Genesis 31:15

ESV Are we not regarded by him as foreigners? For he has sold us, and he has indeed devoured our money.
NIV Does he not regard us as foreigners? Not only has he sold us, but he has used up what was paid for us.
NASB Are we not regarded by him as foreigners? For he has sold us, and has also entirely consumed our purchase price.
CSB Are we not regarded by him as outsiders? For he has sold us and has certainly spent our purchase price.
NLT He has reduced our rights to those of foreign women. And after he sold us, he wasted the money you paid him for us.
KJV Are we not counted of him strangers? for he hath sold us, and hath quite devoured also our money.
NKJV Are we not considered strangers by him? For he has sold us, and also completely consumed our money.

What does Genesis 31:15 mean?

Rachel and Leah are telling Jacob why they will support him in the move away from their father and homeland to travel to live among his people in Canaan. For one thing, they don't believe they have any future inheritance coming from their father.

Now they express that they, too, feel they've been mistreated by Laban. It's not immediately clear why they say that he has treated them as foreigners, though it might mean he was distant or cold to them once they were married to Jacob (Genesis 29:20–28). It's possible they are identifying with Jacob. Their father claimed him as family but then mistreated him as one would a foreigner. In the process, he mistreated his own daughters, as well (Genesis 30:31–43).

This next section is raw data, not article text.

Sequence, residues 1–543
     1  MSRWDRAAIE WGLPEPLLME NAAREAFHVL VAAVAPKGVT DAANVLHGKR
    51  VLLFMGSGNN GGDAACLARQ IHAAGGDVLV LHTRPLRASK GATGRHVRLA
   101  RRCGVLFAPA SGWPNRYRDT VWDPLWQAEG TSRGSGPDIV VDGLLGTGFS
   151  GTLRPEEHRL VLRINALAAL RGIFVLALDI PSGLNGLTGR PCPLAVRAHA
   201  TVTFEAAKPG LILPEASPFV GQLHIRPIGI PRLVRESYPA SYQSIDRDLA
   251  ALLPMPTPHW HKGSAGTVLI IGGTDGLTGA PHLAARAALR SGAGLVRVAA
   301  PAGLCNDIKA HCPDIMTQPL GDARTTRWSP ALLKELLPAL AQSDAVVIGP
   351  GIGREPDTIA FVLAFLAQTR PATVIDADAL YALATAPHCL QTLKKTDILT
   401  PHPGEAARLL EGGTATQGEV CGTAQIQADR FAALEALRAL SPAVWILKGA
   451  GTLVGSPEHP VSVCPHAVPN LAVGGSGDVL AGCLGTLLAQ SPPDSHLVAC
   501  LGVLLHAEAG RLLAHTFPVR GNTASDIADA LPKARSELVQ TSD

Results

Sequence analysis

On the other hand, it's not hard to understand what the women mean—that their father sold them and devoured their money. Laban used trickery and his daughter's marriages to get 14 years of labor out of Jacob. That was good for Laban, but it also meant withholding money from his own daughters and grandchildren. The two sisters had been married to a man who became an indentured servant, a kind of property, belonging to Laban. In that sense, they were sold into slavery, as well, to their own father. Apparently, any money paid to a father by a bridegroom would customarily be saved and given to the bride in the inheritance when the father died. Jacob's only dowry was his service, so there was no money waiting for Rachel and Leah when their father died. He had already "devoured" it all in using up Jacob's work for him.

Further, Laban's most recent attempt to cheat Jacob meant yet another moment where the interests of Laban's own daughters came second to his greed. Despite Leah and Rachel's intense rivalry (Genesis 30:8), they are in agreement on this issue.
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